Winless in Seattle: What we learned from Niners’ loss

‘It was just frustrating,’ despite a good effort

It started out as a madcap affair in Seattle on Sunday, loaded with tips and picks, tightropes and trickery.

It ended up a sad sack disappointment for San Francisco, which blew a big lead to an inferior opponent, came storming back and then stalled on the goal line in the closing seconds to succumb to the Seahawks, 30-23.

Quite a finish. Quite an effort. But that one’s gonna leave a mark.

The Niners came into the game riding a three-game winning streak with visions of a holiday playoff run dancing in their heads. But turnovers and mistakes undid the red and gold this December afternoon, returning the team to even money on the season (6-6) and facing a hard road to the postseason.

“It was just frustrating,” said head coach Kyle Shanahan, in a gross understatement. “It was a situation that I thought could go either way.”

So did we. But you can’t knock the Niners for effort … or entertainment.

In a throwback to the heyday of this fierce West Coast rivalry, Seattle and San Francisco put on an absolute show. From the first score of the day, a 73-yard fake punt scamper by the Seahawks, to the sideline magic of George Kittle, who showed remarkable agility and body control on an amazing 48-yard catch and run late in the first half, it was a thriller.

The 49ers’ defensive line was extra aggressive all afternoon, pounding Seattle quarterback Russell Wilson on the regular and standing up for a remarkable fourth quarter goal-line stand. Seattle never game up, riding Wilson’s moxie to come back again and again.

But in a tight ballgame against a hard-nosed opponent, you can’t be generous with the football. Jimmy Garoppolo threw two key interceptions for the 49ers, and they lost another possession to a fumble. Add in 10 penalties for 86 yards, a missed extra point, 16 unanswered points and you start to get the picture. San Francisco had its chance for a big win on the road, but they dropped the ball.

With that said, and another key road game coming up next week in Cincinnati for the Niners, let’s take stock of what we learned from Sunday’s disappointing performance in Seattle.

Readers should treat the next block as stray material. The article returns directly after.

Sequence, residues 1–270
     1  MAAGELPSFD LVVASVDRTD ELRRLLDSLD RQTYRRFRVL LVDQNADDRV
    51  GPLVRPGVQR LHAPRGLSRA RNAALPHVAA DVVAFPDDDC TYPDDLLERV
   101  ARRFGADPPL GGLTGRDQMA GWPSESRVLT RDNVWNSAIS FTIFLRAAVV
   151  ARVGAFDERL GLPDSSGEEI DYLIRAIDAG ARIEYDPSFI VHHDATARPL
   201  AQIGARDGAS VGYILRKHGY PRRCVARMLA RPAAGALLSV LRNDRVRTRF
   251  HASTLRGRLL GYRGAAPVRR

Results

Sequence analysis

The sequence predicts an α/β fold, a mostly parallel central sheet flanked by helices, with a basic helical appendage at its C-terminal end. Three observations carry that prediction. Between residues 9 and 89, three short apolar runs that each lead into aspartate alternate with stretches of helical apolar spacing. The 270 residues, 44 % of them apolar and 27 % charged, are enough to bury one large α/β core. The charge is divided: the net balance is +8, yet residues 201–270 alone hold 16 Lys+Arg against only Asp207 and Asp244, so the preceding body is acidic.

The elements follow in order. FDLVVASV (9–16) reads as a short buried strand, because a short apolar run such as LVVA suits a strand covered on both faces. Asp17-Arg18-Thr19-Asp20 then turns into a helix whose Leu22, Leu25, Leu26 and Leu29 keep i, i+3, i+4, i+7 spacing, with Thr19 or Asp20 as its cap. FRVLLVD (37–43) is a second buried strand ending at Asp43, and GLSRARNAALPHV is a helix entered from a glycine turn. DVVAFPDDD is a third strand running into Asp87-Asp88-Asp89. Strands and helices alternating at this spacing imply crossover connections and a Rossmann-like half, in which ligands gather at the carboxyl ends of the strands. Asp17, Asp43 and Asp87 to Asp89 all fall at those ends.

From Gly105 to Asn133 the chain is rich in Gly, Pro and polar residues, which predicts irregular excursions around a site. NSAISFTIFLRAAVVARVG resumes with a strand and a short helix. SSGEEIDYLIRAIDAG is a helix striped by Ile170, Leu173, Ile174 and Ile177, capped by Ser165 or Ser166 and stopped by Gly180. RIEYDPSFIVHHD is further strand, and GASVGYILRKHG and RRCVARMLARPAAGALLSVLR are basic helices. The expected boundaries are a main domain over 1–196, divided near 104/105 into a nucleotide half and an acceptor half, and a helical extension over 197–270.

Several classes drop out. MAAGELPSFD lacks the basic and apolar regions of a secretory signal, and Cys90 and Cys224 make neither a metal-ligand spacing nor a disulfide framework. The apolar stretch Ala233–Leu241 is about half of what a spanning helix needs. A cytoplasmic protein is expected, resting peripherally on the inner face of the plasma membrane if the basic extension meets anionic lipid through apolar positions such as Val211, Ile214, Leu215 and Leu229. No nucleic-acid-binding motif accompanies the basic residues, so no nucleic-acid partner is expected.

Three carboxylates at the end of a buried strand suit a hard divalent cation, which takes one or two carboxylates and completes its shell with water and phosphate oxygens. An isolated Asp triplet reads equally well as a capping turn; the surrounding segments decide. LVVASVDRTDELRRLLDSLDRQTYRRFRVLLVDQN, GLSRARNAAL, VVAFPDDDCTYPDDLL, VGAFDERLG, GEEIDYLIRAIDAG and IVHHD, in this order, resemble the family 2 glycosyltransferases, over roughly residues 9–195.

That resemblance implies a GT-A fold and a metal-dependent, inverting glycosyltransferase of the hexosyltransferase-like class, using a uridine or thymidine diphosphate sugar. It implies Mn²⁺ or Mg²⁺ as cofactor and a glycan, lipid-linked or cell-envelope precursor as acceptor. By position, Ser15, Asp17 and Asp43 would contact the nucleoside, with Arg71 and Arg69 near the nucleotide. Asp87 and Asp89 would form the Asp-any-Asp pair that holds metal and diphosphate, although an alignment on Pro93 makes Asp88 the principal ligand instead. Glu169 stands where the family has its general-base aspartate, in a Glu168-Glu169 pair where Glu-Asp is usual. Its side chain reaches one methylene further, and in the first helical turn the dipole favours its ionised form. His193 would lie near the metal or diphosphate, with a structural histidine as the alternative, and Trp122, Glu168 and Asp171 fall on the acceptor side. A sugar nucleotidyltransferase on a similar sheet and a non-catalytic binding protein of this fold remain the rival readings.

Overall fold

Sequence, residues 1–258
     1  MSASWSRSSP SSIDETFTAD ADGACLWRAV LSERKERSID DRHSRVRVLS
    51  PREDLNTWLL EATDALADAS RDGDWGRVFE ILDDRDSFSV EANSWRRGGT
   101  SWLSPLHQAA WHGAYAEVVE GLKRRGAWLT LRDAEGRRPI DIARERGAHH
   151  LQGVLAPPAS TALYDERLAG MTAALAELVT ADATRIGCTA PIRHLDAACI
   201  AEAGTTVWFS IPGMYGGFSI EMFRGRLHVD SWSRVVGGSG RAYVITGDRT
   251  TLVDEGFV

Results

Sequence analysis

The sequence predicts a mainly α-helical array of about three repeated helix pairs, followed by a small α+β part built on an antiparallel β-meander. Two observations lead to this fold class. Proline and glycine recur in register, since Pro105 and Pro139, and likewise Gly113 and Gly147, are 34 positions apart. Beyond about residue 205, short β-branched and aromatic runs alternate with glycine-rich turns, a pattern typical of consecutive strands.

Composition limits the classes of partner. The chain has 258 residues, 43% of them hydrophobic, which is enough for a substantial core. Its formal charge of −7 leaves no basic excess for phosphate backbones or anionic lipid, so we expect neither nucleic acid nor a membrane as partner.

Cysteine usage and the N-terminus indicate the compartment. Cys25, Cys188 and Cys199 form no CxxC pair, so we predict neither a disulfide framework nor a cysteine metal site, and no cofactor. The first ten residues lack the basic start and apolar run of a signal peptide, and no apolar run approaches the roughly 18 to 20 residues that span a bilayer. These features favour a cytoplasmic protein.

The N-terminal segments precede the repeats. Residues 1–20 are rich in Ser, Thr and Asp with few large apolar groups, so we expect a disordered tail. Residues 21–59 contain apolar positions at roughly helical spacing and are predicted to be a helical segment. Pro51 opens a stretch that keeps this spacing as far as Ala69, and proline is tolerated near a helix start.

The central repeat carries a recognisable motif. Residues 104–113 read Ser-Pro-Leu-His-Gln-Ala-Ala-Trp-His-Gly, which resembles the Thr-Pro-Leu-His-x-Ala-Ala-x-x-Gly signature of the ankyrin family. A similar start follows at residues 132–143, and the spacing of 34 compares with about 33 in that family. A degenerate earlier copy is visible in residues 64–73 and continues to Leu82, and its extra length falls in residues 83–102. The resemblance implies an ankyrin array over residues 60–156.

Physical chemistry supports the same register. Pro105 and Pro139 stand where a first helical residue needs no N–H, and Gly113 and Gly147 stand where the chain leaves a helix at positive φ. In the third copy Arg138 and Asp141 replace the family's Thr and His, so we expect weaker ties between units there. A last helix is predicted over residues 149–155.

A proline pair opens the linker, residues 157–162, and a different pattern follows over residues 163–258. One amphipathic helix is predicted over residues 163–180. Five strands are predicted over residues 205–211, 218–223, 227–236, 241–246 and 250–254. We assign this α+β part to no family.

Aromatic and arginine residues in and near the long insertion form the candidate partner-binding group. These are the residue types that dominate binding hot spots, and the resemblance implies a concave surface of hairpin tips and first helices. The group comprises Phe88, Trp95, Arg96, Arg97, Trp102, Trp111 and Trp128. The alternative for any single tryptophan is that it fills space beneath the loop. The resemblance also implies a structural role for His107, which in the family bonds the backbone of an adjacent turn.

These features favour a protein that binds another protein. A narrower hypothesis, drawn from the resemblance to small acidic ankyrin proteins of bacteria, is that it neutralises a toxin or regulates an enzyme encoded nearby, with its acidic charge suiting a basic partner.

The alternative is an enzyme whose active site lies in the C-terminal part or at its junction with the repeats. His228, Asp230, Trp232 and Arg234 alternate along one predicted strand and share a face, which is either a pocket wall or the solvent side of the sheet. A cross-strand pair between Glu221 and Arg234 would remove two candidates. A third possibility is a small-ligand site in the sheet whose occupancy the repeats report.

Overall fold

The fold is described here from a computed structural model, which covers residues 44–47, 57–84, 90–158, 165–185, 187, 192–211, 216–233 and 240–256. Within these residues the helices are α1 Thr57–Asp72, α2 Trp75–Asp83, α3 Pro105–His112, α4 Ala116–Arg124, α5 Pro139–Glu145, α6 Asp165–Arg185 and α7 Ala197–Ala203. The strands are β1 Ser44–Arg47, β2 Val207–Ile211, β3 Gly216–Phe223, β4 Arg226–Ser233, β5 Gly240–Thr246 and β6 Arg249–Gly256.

Feed George Kittle

The Niners’ star tight end missed three games earlier this season, and his central role in the team’s offense appeared to have diminished since he returned. Sure, he was still pancaking defenders in the running game and making some big catches to move the chain, but we haven’t seen that breakout game for Kittle of late. That was until the first half Sunday, when he caught five passes for 121 yards and two touchdowns, including the aforementioned tightrope performance. He ended the day with nine catches for 181 yards and those two scores.

It’s clear Shanahan has embraced a run-first mentality again this season, riding the suprising legs of running back Elijah Mitchell and the versatility of wideout Deebo Samuel in the backfield and the passing game. But, if the 49ers have any chance to reach the postseason, they need Kittle to reemerge as the primary option. He’s the best player on the field. Feed him the ball.

A terse Shanahan wasn’t ready to discuss it after the game, being in an understandably dour mood. ““We always try to get Kittle the ball.” Okay, coach. Got it.

Injuries matter

Maurice Hurst (defensive line), Samuel (wide receiver), Colton McKivitz (offensive line), Fred Warner, Dre Greenlaw, Marcell Harris (linebackers). That was the pregame injury list for the Niners, and they couldn’t overcome it. The NFL is a brutal game, as evidenced by the opening kickoff in Seattle which ended with Niners’ running back Trenton Cannon leaving the field in an ambulance. And, in December, good teams pride themselves on their depth, adopting the motto, “Next man up.” But in this case, it’s hard to play without your most dynamic offensive player (Samuel) and the quarterback of your defense (Warner). In my season preview column, I predicted the Niners’ medical trainer would be the team’s MVP if they had a good season. Now’s the time to earn that trophy. Get these guys healthy, or San Francisco will struggle.

Jimmy G is regressing

After spending most of the season managing the ball and minimizing turnovers, Garoppolo has thrown three picks in the past two weeks, causing some clear concern on the San Francisco sideline with Shanahan and his staff. Sadly, the promise of backup quarterback Trey Lance coming to the rescue doesn’t seem very plausible. In what little time the first-round pick received early this season, it was clear he wasn’t near ready. So, it’s going to be Jimmy G down the stretch. And we know he can do it. But for whatever reason, his field vision remains suspect at times, and the ball has been sailing on him. He needs to get back to accuracy as his North Star.

Garoppolo and Shanahan could be seen having some tense discussions on the sidelines, and coach wasn’t pleased with his quarterback’s performance afterward. When asked about Garoppolo’s performance, coach was brief: “He did some good things. Those two picks, though, weren’t good plays. He’s gotta be better with the ball.”

Sloppy special teams

The Niners gave up a touchdown on a fake field. They missed an extra point. They fumbled a kickoff return. It all added up to the difference in a close game. Time to tighten up the special teams unit. As Shanahan put it: “We’ve got to play a helluva lot better.”

Bosa’s the boss

Whatever happens with the Niners this season, we can all say we’ve witnessed greatness on the defensive line. Nick Bosa might have the biggest engine I’ve ever seen on a football field. He brings it every down, with a tremendous combination of speed and power. He’s a tackle’s toughest assignment and a quarterback’s recurring nightmare. If he can stay healthy, he’ll be wearing a gold jacket someday. That’s a big if, given how hard he plays.

asaracevic@sfexaminer.com